NHTSA agreed to the petition but has not issued a final rule determining when such a requirement would go into effect or what specific guidelines it would consist of.

The agency did estimate that all vehicles under 10,000 pounds would have such devices installed by 2025, largely as the result of a voluntary agreement with car manufacturers.

“We don’t know why the agency has not moved forward with this important, lifesaving rulemaking,” Adler said.

Trucks can also more often use speed-limitation devices, Adler said.

Bob Walker, a truck driver for Associated Wholesale Grocers, said he thought the I-70 crash could have been avoided with the use of an old technology.

In that wreck, a trucker rear-ended a line of stopped and slowing cars, precipitating a blaze. Walker, who was not involved in the wreck, said he lets other truckers know via radio when he sees stopped or slowing traffic, but that is becoming less common.

“No one is talking on the CB radio anymore,” Walker said.

Diesel filters

Spencer said the frequency of truck fires seems to be escalating. Truckers say one culprit may be a device intended improve air quality called a diesel particulate filter. Many say they can grow hot enough to ignite diesel fuel if tanks are ruptured in a crash.

The filters were designed to capture soot that comes along with diesel combustion. The filters are attached to truck exhaust systems and catch the soot before it can be released into the air.

Once filters fill with soot, they undergo a process known as “regeneration,” in which the filter is heated to burn the soot to ash. Regeneration temperatures can climb over 1,000 degrees.

The U.S. Environmental Protection Agency doesn’t require the filters directly, but the EPA established more intense standards in 2001 requiring diesel trucks to reduce the release of harmful particulate emissions into the environment. The new standards went into effect in 2007.

“Manufacturers have chosen to comply with these standards by installing” the filters, the EPA spokeswoman said. They have been used on “virtually all heavy-duty engines for the past 10 years.”

“No one wants to raise this as a possibility,” Spencer said, referring to the fire risks such filters are said to pose.

At least one of the flaming trucks locally, a 2017 Volvo involved in the July 11 wreck, was factory-equipped with a diesel particulate filter.

The indications that the diesel particulate filters may be factors in many truck fires are mostly anecdotal, Spencer said. But coalitions of businesses and truck owners have filed lawsuits in California blaming the filters for dozens of fires.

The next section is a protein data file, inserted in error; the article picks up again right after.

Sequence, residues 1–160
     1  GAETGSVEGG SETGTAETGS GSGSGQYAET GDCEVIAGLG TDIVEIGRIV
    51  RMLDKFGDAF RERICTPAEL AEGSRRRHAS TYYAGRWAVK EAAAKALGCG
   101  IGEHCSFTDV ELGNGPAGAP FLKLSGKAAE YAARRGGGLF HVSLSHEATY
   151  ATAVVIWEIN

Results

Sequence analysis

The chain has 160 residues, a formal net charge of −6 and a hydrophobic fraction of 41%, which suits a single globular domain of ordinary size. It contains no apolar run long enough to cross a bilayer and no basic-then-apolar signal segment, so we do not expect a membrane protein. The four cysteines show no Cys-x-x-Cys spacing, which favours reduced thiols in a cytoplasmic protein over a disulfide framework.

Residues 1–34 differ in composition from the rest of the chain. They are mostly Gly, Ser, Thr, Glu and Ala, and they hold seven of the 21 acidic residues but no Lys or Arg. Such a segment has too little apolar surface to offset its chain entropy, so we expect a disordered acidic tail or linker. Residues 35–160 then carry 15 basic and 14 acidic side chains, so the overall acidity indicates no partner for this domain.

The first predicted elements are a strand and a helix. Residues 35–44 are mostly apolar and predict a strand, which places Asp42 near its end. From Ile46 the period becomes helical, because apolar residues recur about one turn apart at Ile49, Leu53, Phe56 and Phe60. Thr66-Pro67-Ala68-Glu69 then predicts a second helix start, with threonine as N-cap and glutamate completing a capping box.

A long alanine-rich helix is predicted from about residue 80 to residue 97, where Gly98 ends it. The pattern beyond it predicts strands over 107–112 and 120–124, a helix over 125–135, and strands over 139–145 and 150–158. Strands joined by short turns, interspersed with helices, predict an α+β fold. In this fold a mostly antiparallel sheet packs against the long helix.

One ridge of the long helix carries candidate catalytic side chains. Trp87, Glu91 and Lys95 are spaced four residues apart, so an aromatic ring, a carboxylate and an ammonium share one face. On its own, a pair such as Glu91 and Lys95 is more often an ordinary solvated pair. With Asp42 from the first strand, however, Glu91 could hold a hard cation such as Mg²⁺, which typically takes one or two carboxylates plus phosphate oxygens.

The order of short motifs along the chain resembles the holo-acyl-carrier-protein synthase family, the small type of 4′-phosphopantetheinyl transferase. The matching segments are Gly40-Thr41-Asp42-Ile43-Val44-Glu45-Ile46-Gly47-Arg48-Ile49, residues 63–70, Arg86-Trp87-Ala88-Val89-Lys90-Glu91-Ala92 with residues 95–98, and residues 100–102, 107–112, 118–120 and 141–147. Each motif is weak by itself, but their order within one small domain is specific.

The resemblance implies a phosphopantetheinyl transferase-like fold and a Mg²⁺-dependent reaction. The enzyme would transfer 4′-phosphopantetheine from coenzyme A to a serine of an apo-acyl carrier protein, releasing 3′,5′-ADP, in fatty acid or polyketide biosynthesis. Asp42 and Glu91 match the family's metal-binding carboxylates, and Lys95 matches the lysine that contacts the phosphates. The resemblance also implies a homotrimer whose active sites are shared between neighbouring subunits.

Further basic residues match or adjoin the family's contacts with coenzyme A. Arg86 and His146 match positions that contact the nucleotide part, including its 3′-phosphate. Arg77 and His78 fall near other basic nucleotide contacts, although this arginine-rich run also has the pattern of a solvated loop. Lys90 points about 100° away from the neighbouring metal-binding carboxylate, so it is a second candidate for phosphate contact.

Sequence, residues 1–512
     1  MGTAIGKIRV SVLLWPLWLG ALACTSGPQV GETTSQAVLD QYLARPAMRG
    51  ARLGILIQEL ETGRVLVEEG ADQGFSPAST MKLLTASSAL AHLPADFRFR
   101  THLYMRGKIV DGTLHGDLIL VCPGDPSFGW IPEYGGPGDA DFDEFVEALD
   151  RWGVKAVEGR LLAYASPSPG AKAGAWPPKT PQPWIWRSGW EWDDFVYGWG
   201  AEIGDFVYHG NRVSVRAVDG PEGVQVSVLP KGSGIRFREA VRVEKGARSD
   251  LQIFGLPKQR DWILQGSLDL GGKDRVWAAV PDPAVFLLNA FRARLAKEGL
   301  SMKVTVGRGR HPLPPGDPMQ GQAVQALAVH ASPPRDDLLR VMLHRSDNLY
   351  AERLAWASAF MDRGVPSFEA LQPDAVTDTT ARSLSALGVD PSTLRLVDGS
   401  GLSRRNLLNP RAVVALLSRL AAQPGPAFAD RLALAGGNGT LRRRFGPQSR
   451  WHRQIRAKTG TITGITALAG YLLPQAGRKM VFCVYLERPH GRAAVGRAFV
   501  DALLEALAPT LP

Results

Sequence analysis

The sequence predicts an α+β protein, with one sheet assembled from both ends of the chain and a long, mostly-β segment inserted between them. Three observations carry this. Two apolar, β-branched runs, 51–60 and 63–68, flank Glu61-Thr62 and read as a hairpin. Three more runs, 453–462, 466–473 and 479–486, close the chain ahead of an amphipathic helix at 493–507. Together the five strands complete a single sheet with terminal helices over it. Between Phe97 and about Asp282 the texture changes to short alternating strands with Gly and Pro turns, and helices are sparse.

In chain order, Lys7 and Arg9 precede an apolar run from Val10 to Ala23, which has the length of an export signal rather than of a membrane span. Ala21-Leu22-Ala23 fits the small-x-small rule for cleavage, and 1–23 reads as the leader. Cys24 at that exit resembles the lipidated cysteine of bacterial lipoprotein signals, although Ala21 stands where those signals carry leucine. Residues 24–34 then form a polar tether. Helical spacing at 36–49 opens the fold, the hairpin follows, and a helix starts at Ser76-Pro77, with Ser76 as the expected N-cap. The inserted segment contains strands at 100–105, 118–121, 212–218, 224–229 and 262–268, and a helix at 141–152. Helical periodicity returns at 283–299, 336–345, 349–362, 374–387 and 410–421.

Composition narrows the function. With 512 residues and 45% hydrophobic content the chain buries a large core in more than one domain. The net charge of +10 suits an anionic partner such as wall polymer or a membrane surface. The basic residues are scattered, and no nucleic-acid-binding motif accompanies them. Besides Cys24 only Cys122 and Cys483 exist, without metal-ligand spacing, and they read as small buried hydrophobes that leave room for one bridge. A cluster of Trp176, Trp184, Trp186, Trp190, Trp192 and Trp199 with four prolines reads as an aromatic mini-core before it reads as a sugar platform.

More regulations?

One approach would require the federal government’s help — changing or adding regulations to make the roads safer.

In August, federal regulators had proposed using speed-limiting devices on new vehicles of more than 26,000 pounds, a plan that had been in the works for more than a decade. The government had said speed limiters set between 60 and 68 mph would reduce fatal crashes and fuel use. But President Donald Trump’s promise to scrap regulations has since left the plan in flux.

The Department of Transportation published monthly schedules until January explaining progress on new rules and regulations. In January, the agency quit posting reports. The most recent rulemaking schedule from the department was dated December and stated that public comment on the potential regulation had been closed.

The department also noted that the cost to implement the speed limiting rule would be “minimal” because trucks already have the hardware required to limit speeds.

One federal regulation aimed at truckers has drawn criticism and is now being rethought. Truckers now are limited to 11 hours of consecutive driving. Even if a trucker breaks up his or her driving with rest stops, he or she is limited to a maximum of 14 hours a day on the road.

Walker said the 14-hour provision is dangerous because truckers, typically paid by the mile, are forced to pack as much mileage as possible into a short span of time and might not be as safety conscious.

The Federal Motor Carrier Safety Administration began a pilot program in 2015 to test a more flexible sleep schedule in which drivers can sleep twice a day rather than being limited to a single 10-hour rest block. Studies have shown that sleeping in the daytime is less restful than nighttime sleep.

The study was scheduled to run through December 2018.

The Star’s Matt Campbell contributed to this report.

Shane Sanderson: 816-234-4440, @shanersanderson

Joe Robertson: 816-234-4789, @robertsonkcstar